Mari Hopper, PhD, jokes that she started college at 18 and now—years later—still hasn’t left. Maybe it’s having the curiosity of a college freshman that keeps Hopper so engaged and relatable to her students. As an associate professor of cellular and integrative physiology at Indiana University School of Medicine-Evansville she is just as at ease discussing physiology with first-year medical students in the classroom as she is researching how to improve medical education across the state with her student co-investigators.
Hopper’s students celebrate her commitment to their success. Megan Carroll, a third-year medical student on the Evansville campus emphasized Hopper’s passion and mentorship.
“On the first day of class, Dr. Hopper shared with us, ‘No one cares more about your education than I do, except maybe your own mother,'” Carroll said. “Not only does [Dr. Hopper] open a number of professional doors, she also consistently inspires all of us to grow and develop as learners and individuals to ensure a more fulfilling personal journey. She simultaneously embodies the aspects of a teacher, a mentor, and a cheerleader with a contagious enthusiasm for education. Her passion for knowledge and innovation is a trait I hope to emulate in all future endeavors.”
Working in medical education also gives Hopper the opportunity to grow along with her students.
“I love to be creative in my job and look for ways to expand my personal knowledge and skill set,” Hopper said. “In addition to working on materials for IU School of Medicine’s new curriculum, I’m currently in the process of developing electives that address a few of my passions. I love to travel – and I’ve developed an elective course that includes travel to Italy: ‘The Cultural History of Art and Anatomy in Medical Education in Italy.’ I’m also working on electives to provide the opportunity for students to engage in research and an online course addressing obesity.”
Students as Collaborators
Hopper is also the director of student research and scholarly work on IU School of Medicine’s Evansville campus. In this role, she helps students find experiential learning opportunities throughout their academic career. Many students even choose to collaborate directly with Hopper in her medical education research, something she very intentionally makes possible.
“Throughout my career I have always looked for ways to include students in my research,” Hopper said. “My studies, by design, include students not only as subjects, but also as co-investigators. In fact, all my publications over the past seven or eight years have included student co-authors.”
One of Hopper’s student co-investigators is Sarah Islam, a third-year medical student. Islam enjoys having a direct impact on educational experiences at IU School of Medicine through her research with Hopper.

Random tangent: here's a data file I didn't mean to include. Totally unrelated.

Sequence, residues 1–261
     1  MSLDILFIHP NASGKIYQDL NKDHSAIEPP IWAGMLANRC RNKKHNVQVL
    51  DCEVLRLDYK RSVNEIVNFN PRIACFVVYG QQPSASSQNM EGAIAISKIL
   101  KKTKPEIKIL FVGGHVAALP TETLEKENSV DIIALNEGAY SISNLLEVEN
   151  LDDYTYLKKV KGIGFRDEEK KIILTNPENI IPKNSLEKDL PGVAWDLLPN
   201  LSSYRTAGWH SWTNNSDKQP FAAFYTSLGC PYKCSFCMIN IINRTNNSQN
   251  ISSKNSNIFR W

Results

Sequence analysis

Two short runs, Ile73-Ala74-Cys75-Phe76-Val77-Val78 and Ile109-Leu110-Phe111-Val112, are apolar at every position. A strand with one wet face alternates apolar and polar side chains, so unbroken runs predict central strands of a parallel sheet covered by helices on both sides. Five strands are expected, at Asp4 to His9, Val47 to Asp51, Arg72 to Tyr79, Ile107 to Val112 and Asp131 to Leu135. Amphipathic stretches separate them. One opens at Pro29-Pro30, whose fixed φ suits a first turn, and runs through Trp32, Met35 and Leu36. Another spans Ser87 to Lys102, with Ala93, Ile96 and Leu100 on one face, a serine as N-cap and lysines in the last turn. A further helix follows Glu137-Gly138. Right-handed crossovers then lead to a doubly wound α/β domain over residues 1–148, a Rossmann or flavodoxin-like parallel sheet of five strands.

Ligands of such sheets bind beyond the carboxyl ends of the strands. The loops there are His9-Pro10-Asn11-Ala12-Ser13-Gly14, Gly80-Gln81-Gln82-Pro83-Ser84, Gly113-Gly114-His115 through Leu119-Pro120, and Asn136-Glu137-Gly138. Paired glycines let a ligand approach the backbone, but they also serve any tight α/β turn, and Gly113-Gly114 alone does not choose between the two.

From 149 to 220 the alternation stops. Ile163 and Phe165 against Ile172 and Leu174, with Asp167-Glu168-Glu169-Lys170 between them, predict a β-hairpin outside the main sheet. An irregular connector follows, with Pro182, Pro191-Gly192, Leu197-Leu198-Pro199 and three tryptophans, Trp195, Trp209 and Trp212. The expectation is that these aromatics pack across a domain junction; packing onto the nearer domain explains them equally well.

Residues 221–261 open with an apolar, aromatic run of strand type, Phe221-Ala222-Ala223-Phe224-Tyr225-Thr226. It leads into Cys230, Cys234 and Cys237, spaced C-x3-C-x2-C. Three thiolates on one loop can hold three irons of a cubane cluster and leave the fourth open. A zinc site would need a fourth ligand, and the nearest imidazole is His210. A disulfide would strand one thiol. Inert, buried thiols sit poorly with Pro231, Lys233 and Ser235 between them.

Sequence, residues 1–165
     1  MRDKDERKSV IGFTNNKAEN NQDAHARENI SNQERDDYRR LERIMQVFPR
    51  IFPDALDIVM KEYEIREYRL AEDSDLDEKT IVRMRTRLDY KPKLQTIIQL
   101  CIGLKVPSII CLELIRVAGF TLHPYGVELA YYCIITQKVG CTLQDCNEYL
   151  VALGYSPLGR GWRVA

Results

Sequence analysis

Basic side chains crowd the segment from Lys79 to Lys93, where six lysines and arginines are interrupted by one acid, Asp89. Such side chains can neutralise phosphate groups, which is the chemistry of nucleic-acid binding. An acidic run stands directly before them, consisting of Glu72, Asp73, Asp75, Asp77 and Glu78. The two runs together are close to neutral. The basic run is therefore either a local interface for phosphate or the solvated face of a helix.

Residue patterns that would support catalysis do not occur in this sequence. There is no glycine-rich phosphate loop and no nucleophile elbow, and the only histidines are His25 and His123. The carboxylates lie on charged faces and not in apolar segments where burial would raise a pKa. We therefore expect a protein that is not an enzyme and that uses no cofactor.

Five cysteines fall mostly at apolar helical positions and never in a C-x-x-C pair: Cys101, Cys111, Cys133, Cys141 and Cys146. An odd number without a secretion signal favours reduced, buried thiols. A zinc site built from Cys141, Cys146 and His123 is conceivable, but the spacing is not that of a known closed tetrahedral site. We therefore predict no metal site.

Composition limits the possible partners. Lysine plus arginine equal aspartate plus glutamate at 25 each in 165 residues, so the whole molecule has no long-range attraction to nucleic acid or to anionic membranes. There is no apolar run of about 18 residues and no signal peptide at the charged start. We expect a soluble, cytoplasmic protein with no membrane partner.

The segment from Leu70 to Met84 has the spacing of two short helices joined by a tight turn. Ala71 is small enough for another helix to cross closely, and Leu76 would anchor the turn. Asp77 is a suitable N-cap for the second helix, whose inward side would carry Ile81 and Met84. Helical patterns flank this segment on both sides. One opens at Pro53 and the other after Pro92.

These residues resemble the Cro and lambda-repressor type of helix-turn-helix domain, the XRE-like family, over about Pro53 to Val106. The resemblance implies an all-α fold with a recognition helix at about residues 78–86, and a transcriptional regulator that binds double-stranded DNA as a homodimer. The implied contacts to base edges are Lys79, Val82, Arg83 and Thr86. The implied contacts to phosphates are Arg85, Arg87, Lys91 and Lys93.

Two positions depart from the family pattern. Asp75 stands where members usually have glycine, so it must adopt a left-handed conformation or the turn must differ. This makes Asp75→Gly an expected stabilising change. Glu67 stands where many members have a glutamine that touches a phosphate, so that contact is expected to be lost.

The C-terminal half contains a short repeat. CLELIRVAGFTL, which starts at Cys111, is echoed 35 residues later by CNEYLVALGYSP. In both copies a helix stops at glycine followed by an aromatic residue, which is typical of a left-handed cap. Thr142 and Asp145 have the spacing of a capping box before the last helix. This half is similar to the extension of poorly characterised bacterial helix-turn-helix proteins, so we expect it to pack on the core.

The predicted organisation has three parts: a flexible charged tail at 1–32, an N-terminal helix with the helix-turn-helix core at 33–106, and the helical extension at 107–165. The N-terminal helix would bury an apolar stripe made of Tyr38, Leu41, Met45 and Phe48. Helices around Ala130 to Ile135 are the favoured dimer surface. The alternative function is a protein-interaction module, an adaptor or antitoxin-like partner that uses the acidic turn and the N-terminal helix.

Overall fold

“Dr. Hopper is always looking for opportunities to improve medical education with the input of students when it comes to her research,” Islam said. “She takes the time to understand our perspectives and welcomes our suggestions and insights . She provides necessary guidance but allows us to take complete ownership of our tasks as well. It is wonderful to work with her. I am looking forward to progressing in our research together!”
All in the Family
As a physiologist married to a research veterinarian, Hopper loves working with animals. She says it’s not unusual for her and her husband to bring their work home. Even if that means discussing rat urine at the dinner table. While a graduate student trainee, Hopper measured racehorse oxygen consumption (notably while battling morning sickness). Now, Hopper and her husband are excited to begin training a puppy to become a service dog.
While following her husband across the country for his career, Hopper successfully achieved tenure at three different institutions, something that is no easy feat. Luckily, their travels led Hopper to IU School of Medicine in Evansville. About to enter her fifth year with the school, Hopper shows no signs of slowing down. Whether it’s the satisfaction of hitting the submit button on a manuscript or collaborating with students and colleagues across the state, Hopper simply loves her job.
“Within my career – everything is of interest to me,” Hopper said. “I often think I want to enroll in many of the classes offered by my colleagues. I’m actually a bit jealous of the medical students, and if it were a paying job – I would want to be a medical student.”
Hopper may never become a medical student. However, she will eagerly continue to shepherd medical students through their training.